- Discourse plugin: discourse-web-monetization
- A community exists in PolicyKit, and it has the Discourse Plugin enabled for Metagov.
- The discourse-web-monetization plugin is installed on the Discourse server.
- The plugin is enabled and configured in the Discourse admin panel.
There is a custom user field called “wallet” that was created by a Discourse admin. Users can input their payment pointer on the user profile page:
This Policy exists in PolicyKit for the community.
This is what the PolicyKit Policy looks like in action:
- Alice adds the payment pointer “$alice.wallet” to her profile page
The Metagov bot creates a Discourse poll for people to vote on whether or not the wallet to be added. The conditions of the vote (who is allowed to vote, what the closing conditions are, what the text says, etc) is all determined in the PolicyKit policy. This enables the community to propose changes to it. With this community, each wallet always has an equal weight. That’s also defined in the policy, so the community can control it.
The PolicyKit policy decides when the closing condition of the vote has passed. Either 24h passed, OR there was at least 1 approval from a user with Trust Level 3, OR there was at least 1 disapproval from a user with TL3, OR at least 5 people voted in total.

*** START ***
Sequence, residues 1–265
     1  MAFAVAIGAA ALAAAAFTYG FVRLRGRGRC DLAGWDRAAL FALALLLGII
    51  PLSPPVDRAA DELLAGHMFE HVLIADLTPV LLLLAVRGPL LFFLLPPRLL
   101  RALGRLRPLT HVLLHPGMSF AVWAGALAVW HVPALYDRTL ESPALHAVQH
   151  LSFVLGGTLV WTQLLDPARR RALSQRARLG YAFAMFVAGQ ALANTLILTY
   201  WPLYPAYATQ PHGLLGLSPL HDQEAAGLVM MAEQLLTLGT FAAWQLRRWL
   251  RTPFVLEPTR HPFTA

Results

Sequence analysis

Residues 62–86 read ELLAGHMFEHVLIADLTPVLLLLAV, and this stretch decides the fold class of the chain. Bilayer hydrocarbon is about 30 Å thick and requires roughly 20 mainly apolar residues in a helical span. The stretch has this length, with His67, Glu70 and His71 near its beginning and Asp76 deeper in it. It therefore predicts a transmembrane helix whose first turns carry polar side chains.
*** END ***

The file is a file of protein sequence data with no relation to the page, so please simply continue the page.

- The PolicyKit policy determines whether the vote PASSED or FAILED.
- If it passed, the user's payment is added to the revshare config. They will immediately start receiving revenue from visitors to the Discourse. Alice is notified.
- If it failed, the revshare config remains the same. Alice is notified.
We recently had a technical workshop in NYC that focused on the architecture of Metagov itself and the relationship between Metagov and its integrated services (e.g. modules like PolicyKit, SourceCred, Open Collective, Agreement Engine, and Web Monetization). The goal of these discussions was to understand how we can re-design Metagov in order to optimize the experience of the developers that actually use Metagov. One question that arose in these conversations: are the actual “customers” of Metagov the communities implementing governance systems or the partner services that we integrate with? A lot of our current work has been driven by the needs of these services, e.g. PolicyKit, SourceCred, and Web Monetization all need integrators in order to function across platforms. Metagov is designed to be a backend service, and if it’s working well, the end-user should never need to know that it exists.